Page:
I’ve always responded well to objects made from resin. Coloured, clear, solid, opaque, shiny, matte – I’m all for it! And I’ve been keen to have a crack at making something resiny for a while now.
This was one of those incomplete items carried forward from the 50before50 list which I’ve been putting off for over 4 years**. I could always find an excuse to not sign up for a class. Excuses that really wouldn’t survive any scrutiny – various houseworky items, Don having the car for golf.
I’m convinced I was just fearful of what a crafting class would be like – and that I would suck at it. Thankfully I have learned that sucking is okay! It’s not like I want to be a professional resin-glass-kintsugi practitioner. The learning is the thing. Midlife crisis crafting is pretty fabulous.
So I signed up to a class and headed off on the bus yesterday. It’s a 20 minute bus ride, the bus stop is across the road from ThePalace(OfLove). See what I mean about all those excuses?
The class was a fairly diverse mix of 12 women, most of whom were there solo. Everyone was lovely and interesting – though of course there was that one person who got terribly confused and asked All the questions incessantly (which she would have known the answers to if she had just sat quietly and listened). I would not be a teacher for anything.
I’ve said it before, but I really have come to love this sort of environment. Positive, friendly, creative. A love doing crafty things alongside other people – it’s such a good energy.
Honestly it was just what I needed after that hell-week at SML.
We did quick intros around the tables and then were talked through the processes – the equipment, the chemicals, the safety, the moulds, the colours. Then got stuck in.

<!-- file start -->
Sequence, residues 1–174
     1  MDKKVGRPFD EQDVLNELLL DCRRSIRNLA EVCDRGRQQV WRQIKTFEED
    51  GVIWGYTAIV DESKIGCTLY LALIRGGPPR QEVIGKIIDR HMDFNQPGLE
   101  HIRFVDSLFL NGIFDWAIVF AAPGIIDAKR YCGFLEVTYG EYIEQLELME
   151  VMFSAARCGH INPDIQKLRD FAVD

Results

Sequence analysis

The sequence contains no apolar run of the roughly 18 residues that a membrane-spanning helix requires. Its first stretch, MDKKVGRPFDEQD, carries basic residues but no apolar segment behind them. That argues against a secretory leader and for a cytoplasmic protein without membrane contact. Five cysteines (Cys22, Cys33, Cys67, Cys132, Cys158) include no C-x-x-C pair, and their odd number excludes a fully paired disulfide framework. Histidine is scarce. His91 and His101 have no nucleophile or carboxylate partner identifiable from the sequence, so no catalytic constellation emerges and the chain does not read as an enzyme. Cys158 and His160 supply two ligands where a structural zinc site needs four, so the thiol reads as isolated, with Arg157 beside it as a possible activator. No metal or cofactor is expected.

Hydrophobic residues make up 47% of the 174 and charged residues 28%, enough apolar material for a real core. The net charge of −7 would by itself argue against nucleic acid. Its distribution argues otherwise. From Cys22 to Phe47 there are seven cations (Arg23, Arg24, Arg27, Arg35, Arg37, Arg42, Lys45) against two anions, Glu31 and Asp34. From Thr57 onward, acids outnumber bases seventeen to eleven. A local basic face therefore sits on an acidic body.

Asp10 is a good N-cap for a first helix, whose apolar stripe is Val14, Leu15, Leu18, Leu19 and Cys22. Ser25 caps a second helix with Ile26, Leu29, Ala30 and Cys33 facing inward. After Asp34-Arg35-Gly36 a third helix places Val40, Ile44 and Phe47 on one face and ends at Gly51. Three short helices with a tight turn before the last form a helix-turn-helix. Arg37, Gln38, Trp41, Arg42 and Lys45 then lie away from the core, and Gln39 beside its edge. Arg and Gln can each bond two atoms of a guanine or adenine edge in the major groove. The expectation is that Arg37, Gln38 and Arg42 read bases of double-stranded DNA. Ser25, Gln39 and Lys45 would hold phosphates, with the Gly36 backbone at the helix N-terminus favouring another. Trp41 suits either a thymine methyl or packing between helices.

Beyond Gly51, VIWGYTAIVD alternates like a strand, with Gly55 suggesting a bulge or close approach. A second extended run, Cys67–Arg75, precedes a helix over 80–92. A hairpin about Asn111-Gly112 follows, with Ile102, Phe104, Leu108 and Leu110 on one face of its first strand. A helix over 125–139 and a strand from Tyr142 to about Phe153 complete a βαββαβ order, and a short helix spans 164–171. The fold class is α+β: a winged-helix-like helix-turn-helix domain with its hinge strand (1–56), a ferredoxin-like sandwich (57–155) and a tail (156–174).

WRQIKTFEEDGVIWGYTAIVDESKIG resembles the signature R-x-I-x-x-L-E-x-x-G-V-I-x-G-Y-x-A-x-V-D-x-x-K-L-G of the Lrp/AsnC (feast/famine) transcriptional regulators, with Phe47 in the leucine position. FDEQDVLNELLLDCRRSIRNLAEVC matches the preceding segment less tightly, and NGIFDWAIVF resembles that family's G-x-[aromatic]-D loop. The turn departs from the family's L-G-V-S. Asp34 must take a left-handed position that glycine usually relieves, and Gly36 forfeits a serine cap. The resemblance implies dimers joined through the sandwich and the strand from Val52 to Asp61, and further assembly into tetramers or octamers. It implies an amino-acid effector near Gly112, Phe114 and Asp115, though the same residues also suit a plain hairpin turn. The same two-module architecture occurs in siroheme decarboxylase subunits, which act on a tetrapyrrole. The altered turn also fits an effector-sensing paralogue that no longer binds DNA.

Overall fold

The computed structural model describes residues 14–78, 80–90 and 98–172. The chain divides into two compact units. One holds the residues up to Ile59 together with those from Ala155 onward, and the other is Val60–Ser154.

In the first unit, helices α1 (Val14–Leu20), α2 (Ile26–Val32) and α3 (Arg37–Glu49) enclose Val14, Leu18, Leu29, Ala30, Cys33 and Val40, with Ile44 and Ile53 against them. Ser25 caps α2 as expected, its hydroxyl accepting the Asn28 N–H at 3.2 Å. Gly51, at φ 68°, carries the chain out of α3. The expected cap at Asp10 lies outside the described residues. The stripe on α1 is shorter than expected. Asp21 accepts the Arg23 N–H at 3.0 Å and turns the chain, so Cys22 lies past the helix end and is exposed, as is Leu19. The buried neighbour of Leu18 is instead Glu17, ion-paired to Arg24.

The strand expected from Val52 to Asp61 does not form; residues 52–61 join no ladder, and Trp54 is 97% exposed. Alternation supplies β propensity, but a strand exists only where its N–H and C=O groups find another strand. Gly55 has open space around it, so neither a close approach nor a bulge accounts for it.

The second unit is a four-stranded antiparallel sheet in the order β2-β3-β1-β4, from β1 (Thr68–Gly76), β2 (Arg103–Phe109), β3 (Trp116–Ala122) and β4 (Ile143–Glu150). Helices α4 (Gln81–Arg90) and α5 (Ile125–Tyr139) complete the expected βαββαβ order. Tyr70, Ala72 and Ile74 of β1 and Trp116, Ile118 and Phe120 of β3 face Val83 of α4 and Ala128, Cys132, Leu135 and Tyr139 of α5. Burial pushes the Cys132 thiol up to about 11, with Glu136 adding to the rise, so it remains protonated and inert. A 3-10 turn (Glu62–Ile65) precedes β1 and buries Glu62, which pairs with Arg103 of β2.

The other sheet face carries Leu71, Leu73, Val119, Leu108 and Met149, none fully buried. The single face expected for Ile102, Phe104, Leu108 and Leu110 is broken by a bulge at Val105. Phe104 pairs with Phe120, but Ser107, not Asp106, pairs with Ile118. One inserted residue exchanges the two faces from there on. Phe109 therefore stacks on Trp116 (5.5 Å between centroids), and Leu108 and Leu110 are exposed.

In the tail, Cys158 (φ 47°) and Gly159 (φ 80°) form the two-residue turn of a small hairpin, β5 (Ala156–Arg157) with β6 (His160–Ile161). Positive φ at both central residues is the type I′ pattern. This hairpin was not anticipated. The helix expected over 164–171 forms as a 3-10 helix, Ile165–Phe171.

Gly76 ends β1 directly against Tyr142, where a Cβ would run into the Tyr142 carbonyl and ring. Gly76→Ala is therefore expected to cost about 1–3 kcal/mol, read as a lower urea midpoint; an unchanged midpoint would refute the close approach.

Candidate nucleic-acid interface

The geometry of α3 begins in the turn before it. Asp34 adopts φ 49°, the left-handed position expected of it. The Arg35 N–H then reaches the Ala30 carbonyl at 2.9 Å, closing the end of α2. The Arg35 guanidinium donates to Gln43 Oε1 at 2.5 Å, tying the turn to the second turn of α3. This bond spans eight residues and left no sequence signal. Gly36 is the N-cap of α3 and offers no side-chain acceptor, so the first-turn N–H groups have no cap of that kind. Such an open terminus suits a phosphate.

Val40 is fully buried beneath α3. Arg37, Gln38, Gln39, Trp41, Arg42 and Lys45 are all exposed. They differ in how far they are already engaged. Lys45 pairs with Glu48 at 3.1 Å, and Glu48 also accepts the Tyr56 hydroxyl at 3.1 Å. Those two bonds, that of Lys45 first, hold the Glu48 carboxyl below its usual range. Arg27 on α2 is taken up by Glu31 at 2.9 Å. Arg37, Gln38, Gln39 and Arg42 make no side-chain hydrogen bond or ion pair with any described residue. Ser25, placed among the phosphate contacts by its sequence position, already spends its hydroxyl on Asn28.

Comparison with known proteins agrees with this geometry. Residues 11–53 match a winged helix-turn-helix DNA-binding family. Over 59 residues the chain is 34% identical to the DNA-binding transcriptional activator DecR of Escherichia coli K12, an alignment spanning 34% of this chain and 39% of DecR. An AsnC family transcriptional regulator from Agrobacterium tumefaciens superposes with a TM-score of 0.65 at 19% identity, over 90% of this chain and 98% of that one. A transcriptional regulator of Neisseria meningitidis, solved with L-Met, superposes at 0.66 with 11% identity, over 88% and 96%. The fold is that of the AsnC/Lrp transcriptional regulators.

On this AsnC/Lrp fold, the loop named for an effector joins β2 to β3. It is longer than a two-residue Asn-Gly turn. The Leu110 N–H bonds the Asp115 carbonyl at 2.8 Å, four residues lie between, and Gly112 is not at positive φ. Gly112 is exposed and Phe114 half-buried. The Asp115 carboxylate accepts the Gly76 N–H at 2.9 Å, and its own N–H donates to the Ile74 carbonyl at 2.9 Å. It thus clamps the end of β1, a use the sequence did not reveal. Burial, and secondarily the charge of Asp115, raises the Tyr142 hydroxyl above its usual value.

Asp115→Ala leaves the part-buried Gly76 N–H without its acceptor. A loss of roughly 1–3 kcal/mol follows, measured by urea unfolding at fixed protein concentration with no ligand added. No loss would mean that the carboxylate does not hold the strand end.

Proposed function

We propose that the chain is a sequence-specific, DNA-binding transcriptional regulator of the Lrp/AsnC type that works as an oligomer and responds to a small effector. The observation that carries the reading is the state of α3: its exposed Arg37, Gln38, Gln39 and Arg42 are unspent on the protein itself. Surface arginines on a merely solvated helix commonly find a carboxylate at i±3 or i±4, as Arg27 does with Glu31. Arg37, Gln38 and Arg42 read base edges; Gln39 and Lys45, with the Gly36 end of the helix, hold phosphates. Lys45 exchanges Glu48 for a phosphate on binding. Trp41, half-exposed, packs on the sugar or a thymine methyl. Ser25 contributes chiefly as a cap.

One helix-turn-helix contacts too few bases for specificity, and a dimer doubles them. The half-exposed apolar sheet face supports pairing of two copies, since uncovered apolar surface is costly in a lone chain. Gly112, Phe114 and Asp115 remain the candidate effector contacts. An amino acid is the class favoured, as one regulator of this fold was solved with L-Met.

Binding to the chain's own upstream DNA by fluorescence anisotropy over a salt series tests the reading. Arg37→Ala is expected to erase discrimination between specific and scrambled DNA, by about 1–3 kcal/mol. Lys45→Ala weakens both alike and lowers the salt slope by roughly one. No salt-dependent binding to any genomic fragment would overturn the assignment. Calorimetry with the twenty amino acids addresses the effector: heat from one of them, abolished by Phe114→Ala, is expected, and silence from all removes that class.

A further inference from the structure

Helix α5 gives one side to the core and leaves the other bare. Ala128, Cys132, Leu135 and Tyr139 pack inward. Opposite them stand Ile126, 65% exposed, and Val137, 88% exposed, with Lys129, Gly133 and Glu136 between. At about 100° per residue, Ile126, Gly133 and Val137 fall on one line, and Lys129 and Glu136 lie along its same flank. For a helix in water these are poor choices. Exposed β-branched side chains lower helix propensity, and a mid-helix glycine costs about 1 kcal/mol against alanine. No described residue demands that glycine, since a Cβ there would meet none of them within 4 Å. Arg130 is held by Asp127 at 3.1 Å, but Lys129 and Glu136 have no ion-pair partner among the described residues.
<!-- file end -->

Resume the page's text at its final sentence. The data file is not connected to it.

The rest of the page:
These are the initial moulds I chose and an examples of the outputs. I certainly do not expect my finished work to look anything remotely as professional!
Interestingly, the type of mould determines whether the completed piece has a shiny or matte finish. Of course I’m all about the shiny.
We each got 300ml of resin to play with – and there were a bunch of colours to choose from. I went for the more translucent ones because that’s the look I like best.
Colour goes into the cups first followed by the resin – a little bit of colour goes a REALLY long way.
I chose what I thought were complementary colours, but it was difficult to know what they’d end up like once mixed. My blue was actually purple and my smoke grey quite a bit darker than I expected.
There ended up being so much resin that everyone just kept grabbing additional moulds. I have two bangles, two small bowls, 3 pendants and a coaster.
The is a coaster, I’m not huge on the shape, but it was the only receptacle left to take my waste resin.
Much like the glass class, because you don’t immediately see a result and are working with the unfamiliar, you really don’t know what you’re going to end up with. There’s no opportunity to course-correct based on initial results. Of course this is the whole thing about learning something new, but there’s a certain level of discomfort in that. No doubt I’ll find that I would have done things slightly differently once all is revealed.
Next week we un-mould! And make more pieces with quicker setting resin.
** I hadn’t realised it was such a long time – yikes! life is racing by.